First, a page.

Cross-device consistency is perhaps one of the biggest challenges facing web application developers today. When a user interacts with your application across different devices, like a laptop, desktop, tablet, or smartphone, it’s important that they still experience exactly what they expect when interacting with any piece of content.

For example, if you allow comments on an image on your website to be shared on Facebook, it shouldn’t be difficult for users to share that same comment across their different social media platforms. It might not seem like a big deal at first glance—after all, consistency has its downsides. For example, Consistency is impossible when using responsive design – especially if you’re trying to create consistent interactions between different types of interfaces.

3) Choosing the right tech stack

Choosing the right tech stack is a challenge. Almost every web development framework, language, and platform is a viable option. How do you narrow down your options? The process of finding the right tech stack can be overwhelming if you’re new to the industry or don’t know where to start.

But there are a few ways you can make it easier on yourself. For starters, do your research: Technology trends change quickly, but information about what tools are popular and why they’re popular doesn’t. For example, why did so many people start using Meteor? What kind of businesses benefit from Laravel? You should also start by thinking about your experience level: Are you a developer looking for an introduction to full-stack development?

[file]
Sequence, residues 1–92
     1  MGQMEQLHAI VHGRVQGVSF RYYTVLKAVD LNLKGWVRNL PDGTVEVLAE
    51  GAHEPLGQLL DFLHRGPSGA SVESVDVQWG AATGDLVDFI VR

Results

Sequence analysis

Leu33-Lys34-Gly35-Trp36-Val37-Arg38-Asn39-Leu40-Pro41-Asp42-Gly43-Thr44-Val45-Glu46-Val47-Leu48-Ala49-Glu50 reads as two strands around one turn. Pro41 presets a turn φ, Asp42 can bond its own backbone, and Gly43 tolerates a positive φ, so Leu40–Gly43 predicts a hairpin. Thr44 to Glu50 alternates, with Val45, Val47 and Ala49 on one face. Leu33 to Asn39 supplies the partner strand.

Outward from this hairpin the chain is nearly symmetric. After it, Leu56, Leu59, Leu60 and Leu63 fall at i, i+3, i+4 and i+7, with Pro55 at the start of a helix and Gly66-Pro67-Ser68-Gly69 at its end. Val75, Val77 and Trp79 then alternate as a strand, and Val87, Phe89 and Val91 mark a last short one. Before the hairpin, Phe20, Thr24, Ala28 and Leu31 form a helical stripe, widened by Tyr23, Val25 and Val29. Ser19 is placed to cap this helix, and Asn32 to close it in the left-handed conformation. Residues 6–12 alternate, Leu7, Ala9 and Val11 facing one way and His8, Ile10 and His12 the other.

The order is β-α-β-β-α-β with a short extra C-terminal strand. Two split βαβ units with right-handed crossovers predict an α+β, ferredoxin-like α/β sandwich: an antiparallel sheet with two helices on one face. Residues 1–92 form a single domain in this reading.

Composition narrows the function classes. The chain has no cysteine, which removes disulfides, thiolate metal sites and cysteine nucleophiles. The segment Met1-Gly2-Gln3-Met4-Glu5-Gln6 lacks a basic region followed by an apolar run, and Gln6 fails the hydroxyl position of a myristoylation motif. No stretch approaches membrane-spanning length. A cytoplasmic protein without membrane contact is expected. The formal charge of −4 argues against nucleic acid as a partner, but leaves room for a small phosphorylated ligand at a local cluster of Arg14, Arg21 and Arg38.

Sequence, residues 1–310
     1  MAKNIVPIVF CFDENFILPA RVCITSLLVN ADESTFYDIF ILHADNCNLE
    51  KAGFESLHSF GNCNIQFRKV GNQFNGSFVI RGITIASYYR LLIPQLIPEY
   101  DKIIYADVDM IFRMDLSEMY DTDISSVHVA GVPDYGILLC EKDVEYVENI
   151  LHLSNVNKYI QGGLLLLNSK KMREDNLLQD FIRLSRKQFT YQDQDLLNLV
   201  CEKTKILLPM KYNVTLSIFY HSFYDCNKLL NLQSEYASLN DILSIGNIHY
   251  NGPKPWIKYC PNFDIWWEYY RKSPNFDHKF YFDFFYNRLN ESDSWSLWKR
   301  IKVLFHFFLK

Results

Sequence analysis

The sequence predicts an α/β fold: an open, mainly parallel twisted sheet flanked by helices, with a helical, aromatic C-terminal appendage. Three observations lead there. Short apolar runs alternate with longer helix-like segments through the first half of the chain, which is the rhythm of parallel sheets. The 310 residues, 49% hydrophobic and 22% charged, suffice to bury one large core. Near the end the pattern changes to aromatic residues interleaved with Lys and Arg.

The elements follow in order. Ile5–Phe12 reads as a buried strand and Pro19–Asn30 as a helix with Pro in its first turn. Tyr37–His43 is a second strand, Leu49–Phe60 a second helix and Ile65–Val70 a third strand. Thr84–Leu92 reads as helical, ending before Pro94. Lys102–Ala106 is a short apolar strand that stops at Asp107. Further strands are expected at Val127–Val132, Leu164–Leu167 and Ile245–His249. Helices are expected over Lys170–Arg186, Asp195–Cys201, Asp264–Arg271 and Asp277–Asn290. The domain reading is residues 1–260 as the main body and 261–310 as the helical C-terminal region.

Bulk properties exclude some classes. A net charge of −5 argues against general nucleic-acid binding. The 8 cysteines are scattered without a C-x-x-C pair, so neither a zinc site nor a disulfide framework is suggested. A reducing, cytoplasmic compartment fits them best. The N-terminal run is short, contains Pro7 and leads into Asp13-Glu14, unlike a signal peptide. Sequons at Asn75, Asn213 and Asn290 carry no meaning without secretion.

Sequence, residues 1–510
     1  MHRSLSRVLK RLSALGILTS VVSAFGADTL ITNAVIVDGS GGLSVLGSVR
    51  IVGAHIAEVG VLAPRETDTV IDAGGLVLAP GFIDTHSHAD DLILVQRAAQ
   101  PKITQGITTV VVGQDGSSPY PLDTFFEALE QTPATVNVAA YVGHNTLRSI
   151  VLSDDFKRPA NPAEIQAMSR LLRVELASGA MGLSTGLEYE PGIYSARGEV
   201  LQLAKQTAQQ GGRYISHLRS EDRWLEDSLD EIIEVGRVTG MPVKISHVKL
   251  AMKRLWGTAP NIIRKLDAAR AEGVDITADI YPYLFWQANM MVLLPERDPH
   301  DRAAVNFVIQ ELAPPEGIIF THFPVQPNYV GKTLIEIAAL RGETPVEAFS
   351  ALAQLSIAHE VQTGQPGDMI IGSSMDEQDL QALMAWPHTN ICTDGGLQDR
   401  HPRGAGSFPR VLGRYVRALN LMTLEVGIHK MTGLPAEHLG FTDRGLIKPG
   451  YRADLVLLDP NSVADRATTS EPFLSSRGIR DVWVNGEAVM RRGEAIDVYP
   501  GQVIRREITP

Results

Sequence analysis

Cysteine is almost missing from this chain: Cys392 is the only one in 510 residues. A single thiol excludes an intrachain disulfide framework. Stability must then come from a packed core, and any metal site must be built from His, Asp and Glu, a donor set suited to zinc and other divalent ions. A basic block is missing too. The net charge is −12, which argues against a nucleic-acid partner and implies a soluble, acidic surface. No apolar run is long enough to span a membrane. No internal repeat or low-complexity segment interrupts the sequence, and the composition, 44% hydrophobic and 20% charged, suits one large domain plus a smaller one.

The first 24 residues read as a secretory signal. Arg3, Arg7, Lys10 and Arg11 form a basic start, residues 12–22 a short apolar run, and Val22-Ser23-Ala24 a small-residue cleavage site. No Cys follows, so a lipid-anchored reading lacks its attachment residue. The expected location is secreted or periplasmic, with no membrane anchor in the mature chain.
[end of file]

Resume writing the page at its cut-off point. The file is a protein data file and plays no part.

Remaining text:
4) Supporting responsive web applications

As it turns out, responsive web applications are challenging to design, develop, test, deploy, and scale. It’s a level of complexity that many application owners don’t realize until they’re knee-deep in a project. It’s possible to sidestep some of these challenges when building new applications or even when making existing ones more responsive.